I wrote this in June of 2008. And I sure need the reminder today.
Just in case anyone else needs this reminder right now too. . .
This morning, in his Father’s Day message, our pastor mentioned that our parenting should not be about performance. We shouldn’t discipline to our children’s performance; we should aim for their hearts.
Now, I know this. I really do. But sometimes I forget. The past couple weeks I have been so tired and so overwhelmed with my to-do list. I got way behind on laundry and cleaning a few weeks ago and because of travels and more laundry and some sickness I haven’t caught up yet. The giant mess in my kids’ room and the overflowing laundry hampers stress me out. Stress and exhaustion and six children in an apartment are not a great combination. So I desperately needed that reminder this morning.
Even when I know better, it’s easy to fall back into the bad habit of performance-based parenting. It’s especially easy when I’m stressed and tired. “I want you to obey because I said so. And I want you to obey perfectly. And I want you to obey now. And I don’t want to have to think about your intentions or your motives or showing you grace or how I’m supposed to be building you up and showing you overwhelming, unconditional love. I just want you to obey so my life will be easier.”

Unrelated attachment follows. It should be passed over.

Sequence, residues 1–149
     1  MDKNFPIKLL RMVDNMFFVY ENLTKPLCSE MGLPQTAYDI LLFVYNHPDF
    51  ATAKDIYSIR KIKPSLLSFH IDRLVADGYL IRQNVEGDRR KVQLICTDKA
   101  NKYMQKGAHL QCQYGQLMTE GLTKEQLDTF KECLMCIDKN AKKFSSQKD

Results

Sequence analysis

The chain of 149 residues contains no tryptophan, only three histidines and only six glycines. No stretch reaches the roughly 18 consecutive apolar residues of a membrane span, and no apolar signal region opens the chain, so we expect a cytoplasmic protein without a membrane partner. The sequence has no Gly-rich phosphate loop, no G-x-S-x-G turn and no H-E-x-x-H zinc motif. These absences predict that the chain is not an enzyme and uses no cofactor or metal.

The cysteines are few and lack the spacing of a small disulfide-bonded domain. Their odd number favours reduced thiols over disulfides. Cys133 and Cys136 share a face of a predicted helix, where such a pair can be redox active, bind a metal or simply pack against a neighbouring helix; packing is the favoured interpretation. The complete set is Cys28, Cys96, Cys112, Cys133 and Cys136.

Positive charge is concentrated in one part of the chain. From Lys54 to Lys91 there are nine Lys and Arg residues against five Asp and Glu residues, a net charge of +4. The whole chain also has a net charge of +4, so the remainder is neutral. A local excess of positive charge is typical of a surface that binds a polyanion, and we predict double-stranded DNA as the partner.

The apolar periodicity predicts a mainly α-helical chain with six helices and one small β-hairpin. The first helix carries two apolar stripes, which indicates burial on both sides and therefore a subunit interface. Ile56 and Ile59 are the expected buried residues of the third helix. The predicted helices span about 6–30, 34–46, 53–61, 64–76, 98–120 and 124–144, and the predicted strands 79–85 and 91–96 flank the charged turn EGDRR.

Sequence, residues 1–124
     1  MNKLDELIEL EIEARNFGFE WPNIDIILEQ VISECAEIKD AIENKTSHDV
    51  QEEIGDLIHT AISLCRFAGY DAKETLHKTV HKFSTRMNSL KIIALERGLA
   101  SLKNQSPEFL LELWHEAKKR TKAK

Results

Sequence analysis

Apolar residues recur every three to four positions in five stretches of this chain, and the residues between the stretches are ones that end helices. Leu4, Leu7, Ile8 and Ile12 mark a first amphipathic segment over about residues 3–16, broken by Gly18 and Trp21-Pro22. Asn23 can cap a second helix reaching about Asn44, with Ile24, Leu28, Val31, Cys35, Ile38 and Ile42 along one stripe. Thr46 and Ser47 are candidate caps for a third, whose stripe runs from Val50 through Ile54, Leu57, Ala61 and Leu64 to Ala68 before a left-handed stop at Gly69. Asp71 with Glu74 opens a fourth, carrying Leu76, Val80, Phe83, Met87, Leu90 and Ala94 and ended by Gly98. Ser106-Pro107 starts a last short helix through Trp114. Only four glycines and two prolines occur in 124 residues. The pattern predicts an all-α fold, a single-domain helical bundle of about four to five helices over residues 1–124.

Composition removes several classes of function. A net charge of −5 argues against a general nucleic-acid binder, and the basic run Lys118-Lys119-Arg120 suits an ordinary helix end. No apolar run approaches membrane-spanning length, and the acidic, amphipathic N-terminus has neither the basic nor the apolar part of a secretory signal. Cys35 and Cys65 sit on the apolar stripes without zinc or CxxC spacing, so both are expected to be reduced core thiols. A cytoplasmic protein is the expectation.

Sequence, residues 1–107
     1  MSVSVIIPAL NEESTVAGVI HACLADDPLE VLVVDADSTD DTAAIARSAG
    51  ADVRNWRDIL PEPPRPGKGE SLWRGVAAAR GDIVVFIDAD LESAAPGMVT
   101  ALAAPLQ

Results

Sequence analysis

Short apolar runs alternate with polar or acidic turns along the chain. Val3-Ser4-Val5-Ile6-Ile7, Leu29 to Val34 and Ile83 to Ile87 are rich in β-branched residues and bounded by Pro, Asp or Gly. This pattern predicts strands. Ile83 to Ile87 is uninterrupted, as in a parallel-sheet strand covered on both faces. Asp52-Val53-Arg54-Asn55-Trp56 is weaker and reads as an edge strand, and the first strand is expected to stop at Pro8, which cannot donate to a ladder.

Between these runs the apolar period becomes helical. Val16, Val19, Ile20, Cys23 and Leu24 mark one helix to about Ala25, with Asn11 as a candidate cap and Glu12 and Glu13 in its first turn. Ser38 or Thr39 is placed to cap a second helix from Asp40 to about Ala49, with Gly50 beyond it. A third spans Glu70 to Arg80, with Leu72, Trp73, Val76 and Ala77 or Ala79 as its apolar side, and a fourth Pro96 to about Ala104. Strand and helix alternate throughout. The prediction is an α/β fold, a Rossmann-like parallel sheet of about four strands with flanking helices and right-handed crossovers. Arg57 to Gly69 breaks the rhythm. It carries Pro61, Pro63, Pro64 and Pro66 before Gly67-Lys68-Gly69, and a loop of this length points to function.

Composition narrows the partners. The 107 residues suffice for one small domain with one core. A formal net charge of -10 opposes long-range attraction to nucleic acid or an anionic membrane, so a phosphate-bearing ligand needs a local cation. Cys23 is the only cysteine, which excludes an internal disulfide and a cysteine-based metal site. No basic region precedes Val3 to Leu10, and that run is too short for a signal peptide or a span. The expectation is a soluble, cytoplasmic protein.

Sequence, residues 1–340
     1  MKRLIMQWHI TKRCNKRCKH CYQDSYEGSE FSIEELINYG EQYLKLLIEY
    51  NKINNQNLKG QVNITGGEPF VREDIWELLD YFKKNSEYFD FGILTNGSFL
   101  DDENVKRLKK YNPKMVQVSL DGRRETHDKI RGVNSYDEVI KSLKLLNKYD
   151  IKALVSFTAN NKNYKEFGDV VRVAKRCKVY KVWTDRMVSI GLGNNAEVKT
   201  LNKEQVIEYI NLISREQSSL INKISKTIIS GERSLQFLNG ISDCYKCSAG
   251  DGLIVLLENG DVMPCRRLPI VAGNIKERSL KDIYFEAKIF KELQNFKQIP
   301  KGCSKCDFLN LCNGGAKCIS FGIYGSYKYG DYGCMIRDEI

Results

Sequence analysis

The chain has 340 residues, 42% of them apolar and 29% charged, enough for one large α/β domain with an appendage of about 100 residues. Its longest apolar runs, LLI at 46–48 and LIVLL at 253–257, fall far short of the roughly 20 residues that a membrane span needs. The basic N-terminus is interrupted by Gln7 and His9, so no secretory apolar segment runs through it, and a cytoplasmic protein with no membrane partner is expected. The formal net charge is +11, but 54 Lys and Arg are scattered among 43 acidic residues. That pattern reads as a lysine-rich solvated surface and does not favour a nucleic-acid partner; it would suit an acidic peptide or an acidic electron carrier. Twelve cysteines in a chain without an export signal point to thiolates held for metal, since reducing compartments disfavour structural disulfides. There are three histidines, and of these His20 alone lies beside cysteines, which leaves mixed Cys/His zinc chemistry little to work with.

When I’m tired and stressed, I get angry too easily. And then I respond from anger and not from love and certainly not from the perspective of forming the character of my children. I just am irritated that I’m inconvenienced and that I have more work and that I’m dealing with the same exact problem for the sixth time in the past hour. And I forget that my irritability and horrible example will just result in more work as the same irritability and anger shows up in my children’s attitudes.
So I needed the attitude adjustment this morning. I’ll probably need it again tomorrow morning. I’m slow that way. Fortunately, I know from experience that the Holy Spirit will whisper reminders to me in the days to come.
Aim for the heart of my children. Look for their motives and intentions. Praise them liberally. Don’t lump them all together and take out my frustration with one’s behavior on everyone else. Show forgiveness quickly. Look them in the eye. Listen to them when they want to talk. Have fun with them. Laugh often. Hug them. Remember their ages and set my expectations accordingly. Respond with love. Expect mistakes and misjudgments and misbehavior; they are still learning. Spend time remembering the moment each was born and the overwhelming joy I felt. Keep in mind the Golden Rule. Keep in mind 1 Corinthians 13. Love them. Love them. Love them.